The subaudible tone signals developed at either of the output terminals 74 and 79 of filters 25 and 26, respectively, are coupled to automatic gain control amplifier 81 which amplifies the signals to a constant level in order to compensate for the variations in filters 25 and 26. The subaudible tone signals are coupled from automatic gain control circuit 81 through potentiometer 82 and transformer 83 to transmitter 17. At transmitter 17, the subaudible tone signals are coupled to the modulator where they are employed to modulate the RF carrier signal which is radiated from antenna 18 to the desired portable paging receiver.

As can be seen, a subaudible tone encoded paging system has been provided employing subaudible tone signal transmission which develops the subaudible tone signals in response to audible tone signals coupled from a remote point. This allows operation from a remote point over standard telephone channels thus reducing the system maintenance and expense.

We claim:

1. In a paging system including a transmitter for transmitting a carrier frequency signal modulated by particular subaudible tone signals developed thereat in response to particular audible tone signals coupled to said transmitter from a point remote from said trans mitter over a standard telephone channel which provides substantial attenuation of said subaudible tone signals, and substantially no attenuation of said audible tone signals, the combination including; encoder means operative to develop said particular audible tone signals, said audible tone signals being harmonics of said particular subaudible tone signals, said telephone channel being coupled to said encoder means and said transmitter for coupling said audible tone signals to said transmitter, said transmitter including circuit means operative in response to said received signals audible tone signals to develop first square wave signals having the same frequency as said audible tone signals, divider means coupled to said circuit means and operative to divide said first square wave signals and develop second square wave signals having the same frequency as said subaudible tone signals, frequency selector means coupled to said divider means and having at least a first and second output, said frequency selector means operative to select second square wave signals having a frequency above a predetermined subaudible tone signal frequency and couple same to said first output, said frequency selector means being operative to select second square wave signals having a frequency below said predetermined subaudible tone signal frequency and couple same to said second output, first filter means having a first low pass attenuation characteristic coupled to said first output, and second filter means having a second low pass attenuation characteristic coupled to said second output, said first and second filter means operative to filter said square wave signals coupled thereto and develop said particular subaudible tone signals therefrom.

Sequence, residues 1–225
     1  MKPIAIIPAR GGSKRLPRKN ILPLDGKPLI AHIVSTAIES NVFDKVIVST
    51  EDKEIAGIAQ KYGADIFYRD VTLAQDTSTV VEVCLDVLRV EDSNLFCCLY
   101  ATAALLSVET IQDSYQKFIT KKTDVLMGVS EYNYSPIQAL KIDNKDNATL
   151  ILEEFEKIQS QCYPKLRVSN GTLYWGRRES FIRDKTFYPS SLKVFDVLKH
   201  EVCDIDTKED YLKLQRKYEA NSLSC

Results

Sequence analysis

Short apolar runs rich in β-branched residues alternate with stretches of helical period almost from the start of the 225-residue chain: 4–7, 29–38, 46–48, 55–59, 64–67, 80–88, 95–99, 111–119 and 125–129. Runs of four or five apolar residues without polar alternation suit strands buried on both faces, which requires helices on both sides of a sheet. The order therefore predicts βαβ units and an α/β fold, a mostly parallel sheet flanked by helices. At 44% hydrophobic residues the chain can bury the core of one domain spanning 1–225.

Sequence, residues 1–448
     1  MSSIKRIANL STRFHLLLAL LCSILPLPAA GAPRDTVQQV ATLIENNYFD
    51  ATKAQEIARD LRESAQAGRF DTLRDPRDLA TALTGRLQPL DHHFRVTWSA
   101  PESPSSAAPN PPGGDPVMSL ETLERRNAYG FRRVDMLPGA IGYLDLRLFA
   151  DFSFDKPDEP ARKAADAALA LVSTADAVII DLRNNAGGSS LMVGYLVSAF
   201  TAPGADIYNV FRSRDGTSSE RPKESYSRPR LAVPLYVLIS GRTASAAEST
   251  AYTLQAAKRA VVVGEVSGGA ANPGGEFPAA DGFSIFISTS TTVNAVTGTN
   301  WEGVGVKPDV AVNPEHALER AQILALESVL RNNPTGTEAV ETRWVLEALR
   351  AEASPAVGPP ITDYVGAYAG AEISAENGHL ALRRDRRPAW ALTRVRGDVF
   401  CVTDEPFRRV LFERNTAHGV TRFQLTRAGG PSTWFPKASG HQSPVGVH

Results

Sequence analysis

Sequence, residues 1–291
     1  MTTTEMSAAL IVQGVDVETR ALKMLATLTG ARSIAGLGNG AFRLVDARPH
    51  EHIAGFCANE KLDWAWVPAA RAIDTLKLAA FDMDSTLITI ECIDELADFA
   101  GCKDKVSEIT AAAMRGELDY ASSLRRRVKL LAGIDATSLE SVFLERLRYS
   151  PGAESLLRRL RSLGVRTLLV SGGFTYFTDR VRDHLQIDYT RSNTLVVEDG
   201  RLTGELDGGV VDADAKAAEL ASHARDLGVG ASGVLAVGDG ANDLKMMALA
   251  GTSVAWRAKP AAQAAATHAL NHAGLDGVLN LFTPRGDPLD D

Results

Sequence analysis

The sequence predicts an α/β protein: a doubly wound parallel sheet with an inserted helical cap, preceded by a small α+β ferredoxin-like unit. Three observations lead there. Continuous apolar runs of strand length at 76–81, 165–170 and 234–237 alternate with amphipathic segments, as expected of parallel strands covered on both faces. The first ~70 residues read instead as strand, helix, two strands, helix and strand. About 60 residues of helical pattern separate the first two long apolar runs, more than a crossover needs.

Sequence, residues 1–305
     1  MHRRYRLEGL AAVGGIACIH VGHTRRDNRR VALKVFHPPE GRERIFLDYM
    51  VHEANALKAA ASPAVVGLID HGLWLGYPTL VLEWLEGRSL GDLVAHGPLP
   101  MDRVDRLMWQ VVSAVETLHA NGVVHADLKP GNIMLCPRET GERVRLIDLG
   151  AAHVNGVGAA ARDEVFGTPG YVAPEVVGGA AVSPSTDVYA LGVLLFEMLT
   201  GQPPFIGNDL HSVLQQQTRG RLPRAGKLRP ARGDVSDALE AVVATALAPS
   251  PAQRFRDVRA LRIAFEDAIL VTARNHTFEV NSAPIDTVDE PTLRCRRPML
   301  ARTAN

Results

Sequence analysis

2. The paging system of claim 1 wherein said subaudible tone signals extend in a range from 65 Hz to 225 Hz, and said audible tone signals extend in a range from 300 Hz to 3,000 Hz.

3. The paging system of claim 2 wherein said circuit means includes coupling means coupled to said telephone channel for receiving said audible tone signals therefrom, amplifier means coupled to said coupling means and operative to amplify said audible tone signals coupled thereto, bistable clipping means coupled to said amplifier means and responsive to said amplified audible tone signals coupled thereto to develop said first square wave signals.